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Green River Ordinance Not Country Enough, According to Billboard

Green River Ordinance Not Country
Rick Kern, Getty Images

A new album from Texas band Green River Ordinance is not country, according to Billboard. Sales of Fifteen were not included in the trade publication’s Country Albums Chart, a judgement call made by Billboard.

Saving Country Music lifted the lid on the story with interviews from Green River Ordinance’s manager and quotes attributed to Billboard’s country chart manager. According to a post on the band’s Facebook page, Fifteen would have checked in at No. 7 on the Country Albums Chart this week, and it would have been the top-selling debut album. Instead, Fifteen was included on the rock and folk charts.

Which chart an album is included on matters, as it’s more impressive to say you’re No. 7 on the country chart than it is to say the same about the folk chart.

GRO’s manager, Larry Murray, insists his band has operated as a country band for years, although they’re described as “Alternative Pop/Rock with a Southern twist, Country, Folk, and Americana” on their Facebook page. They did begin as an alt-rock and pop group, but since 2012 they’ve been been recognized as country by websites like Taste of Country. A review of their single “Red Fire Night” recognized a “fiddle-heavy bluegrass mix” and tight harmonies, calling it a “country jam.” The Ft. Worth band includes banjo, mandolin, guitars and harmonica amongst their instrumentation.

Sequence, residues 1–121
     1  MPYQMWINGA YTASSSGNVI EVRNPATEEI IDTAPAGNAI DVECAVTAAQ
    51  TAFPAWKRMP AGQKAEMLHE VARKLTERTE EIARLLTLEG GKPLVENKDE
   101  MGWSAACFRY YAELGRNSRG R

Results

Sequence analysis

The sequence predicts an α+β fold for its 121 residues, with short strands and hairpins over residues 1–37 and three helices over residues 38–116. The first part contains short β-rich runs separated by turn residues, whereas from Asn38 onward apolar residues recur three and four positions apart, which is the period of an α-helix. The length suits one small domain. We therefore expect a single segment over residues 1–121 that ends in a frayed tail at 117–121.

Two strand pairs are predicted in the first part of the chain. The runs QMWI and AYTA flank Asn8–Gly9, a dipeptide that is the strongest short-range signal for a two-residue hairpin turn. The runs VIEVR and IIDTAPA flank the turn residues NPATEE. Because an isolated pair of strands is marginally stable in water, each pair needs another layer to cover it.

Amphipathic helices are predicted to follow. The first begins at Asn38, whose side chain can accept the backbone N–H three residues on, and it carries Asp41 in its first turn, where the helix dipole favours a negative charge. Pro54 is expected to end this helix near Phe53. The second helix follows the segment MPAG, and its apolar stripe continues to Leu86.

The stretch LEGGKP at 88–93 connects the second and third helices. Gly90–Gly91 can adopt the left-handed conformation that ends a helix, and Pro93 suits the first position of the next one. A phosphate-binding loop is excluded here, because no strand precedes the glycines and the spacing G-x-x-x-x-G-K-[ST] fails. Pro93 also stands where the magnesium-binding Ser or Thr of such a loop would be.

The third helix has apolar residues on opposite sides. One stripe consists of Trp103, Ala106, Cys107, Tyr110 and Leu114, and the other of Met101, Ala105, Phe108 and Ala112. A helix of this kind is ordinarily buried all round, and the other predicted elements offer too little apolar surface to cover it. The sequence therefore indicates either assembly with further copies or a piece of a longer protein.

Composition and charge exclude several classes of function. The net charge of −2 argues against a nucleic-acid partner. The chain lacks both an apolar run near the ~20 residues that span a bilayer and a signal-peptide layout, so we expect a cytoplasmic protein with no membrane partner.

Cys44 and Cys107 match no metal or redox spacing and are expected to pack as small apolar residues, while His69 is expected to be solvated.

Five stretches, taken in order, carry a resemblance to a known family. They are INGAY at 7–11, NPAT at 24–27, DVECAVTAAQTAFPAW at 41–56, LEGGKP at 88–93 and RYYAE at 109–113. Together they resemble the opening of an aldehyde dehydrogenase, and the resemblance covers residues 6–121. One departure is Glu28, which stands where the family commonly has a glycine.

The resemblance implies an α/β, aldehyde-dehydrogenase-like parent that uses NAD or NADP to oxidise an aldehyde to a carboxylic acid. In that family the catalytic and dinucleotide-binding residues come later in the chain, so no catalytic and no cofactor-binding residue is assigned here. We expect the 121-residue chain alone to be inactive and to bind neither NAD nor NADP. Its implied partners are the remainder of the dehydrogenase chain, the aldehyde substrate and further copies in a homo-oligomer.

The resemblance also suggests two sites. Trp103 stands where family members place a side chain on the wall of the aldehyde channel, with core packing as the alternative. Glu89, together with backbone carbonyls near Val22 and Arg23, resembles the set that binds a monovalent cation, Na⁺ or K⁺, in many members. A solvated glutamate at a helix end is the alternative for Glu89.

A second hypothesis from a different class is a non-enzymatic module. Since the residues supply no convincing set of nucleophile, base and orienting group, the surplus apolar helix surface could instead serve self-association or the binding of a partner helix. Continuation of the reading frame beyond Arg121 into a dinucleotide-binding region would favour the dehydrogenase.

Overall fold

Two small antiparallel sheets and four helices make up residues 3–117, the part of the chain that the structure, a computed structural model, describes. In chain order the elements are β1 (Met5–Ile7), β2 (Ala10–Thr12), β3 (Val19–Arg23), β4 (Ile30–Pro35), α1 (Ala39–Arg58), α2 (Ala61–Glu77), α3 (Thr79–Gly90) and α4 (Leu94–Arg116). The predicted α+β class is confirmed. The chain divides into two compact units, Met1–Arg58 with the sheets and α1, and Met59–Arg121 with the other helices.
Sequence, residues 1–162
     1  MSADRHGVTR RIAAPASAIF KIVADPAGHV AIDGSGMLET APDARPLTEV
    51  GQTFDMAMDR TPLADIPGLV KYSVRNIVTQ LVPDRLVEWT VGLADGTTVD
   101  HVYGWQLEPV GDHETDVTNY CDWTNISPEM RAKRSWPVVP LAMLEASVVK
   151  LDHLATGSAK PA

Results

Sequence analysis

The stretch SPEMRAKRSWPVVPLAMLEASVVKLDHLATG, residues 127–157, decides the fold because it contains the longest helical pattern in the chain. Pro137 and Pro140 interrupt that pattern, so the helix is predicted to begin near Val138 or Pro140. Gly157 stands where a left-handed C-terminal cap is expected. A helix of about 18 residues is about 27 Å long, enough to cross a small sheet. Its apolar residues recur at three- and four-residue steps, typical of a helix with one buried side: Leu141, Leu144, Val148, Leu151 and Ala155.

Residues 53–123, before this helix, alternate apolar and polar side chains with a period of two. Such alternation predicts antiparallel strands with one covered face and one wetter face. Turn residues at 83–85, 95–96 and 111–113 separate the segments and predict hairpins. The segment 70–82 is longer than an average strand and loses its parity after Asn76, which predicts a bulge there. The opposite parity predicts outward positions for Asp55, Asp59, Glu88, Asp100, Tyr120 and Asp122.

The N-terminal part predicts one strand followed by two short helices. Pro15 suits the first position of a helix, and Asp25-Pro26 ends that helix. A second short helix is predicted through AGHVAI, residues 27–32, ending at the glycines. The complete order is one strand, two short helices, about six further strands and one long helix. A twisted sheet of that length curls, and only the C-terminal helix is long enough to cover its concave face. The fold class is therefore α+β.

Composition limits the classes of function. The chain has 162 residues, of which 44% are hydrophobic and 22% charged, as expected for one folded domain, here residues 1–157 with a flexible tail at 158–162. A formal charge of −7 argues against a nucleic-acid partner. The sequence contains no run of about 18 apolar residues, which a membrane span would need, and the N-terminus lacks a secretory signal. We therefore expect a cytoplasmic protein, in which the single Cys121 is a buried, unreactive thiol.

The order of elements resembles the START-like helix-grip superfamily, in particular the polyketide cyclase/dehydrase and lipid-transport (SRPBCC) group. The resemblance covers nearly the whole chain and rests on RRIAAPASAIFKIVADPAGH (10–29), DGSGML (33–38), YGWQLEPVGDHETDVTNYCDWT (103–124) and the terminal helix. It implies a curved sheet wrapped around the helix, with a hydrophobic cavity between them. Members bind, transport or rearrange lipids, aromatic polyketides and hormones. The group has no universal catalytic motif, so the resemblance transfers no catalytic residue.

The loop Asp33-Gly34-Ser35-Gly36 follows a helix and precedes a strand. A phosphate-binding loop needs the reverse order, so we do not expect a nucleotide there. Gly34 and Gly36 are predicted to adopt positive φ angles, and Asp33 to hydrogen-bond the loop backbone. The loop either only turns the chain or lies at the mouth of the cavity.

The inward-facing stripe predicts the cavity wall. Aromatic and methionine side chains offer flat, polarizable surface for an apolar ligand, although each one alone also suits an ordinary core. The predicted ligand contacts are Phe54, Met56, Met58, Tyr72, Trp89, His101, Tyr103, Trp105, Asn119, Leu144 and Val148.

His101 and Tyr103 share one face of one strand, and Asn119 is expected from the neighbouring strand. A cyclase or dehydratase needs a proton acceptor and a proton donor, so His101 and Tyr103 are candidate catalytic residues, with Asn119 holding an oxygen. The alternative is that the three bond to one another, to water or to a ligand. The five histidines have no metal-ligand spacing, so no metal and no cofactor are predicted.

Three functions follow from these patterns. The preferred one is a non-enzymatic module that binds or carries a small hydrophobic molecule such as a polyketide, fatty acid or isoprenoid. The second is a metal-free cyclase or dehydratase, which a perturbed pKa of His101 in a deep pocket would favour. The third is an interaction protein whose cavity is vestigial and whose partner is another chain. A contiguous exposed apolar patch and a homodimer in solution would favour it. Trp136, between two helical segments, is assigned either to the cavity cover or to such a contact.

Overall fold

Murray points out that the album’s pre-order was in the Top 10 on the iTunes country chart, and that “Red Fire Night” received airplay on country radio, including iHeartMedia’s Country House Party. This alone does not mean a song or the album it comes from is country (Mumford and Sons’ “I Will Wait” also charted on the radio, but the album wasn’t included on the Country Album Chart), but other outlets believe they are country. Spotify added the song to two country playlists, and “a week ago, Green River Ordinance was in Billboard’s Country Weekly as the No. 1 Texas country music song on the TRR.”

The omission clearly irks Green River Ordinance. In a Facebook post promoting their Feb. 6 appearance at the Grand Ole Opry, they write, “Doesn’t get any countrier than it’s gonna get at the Grand Ole Opry this Saturday night!” The band say they haven’t gotten a clear explanation as to why they were not included, other than it was a judgement call. Representatives for Billboard did not return requests SCM made for comment.

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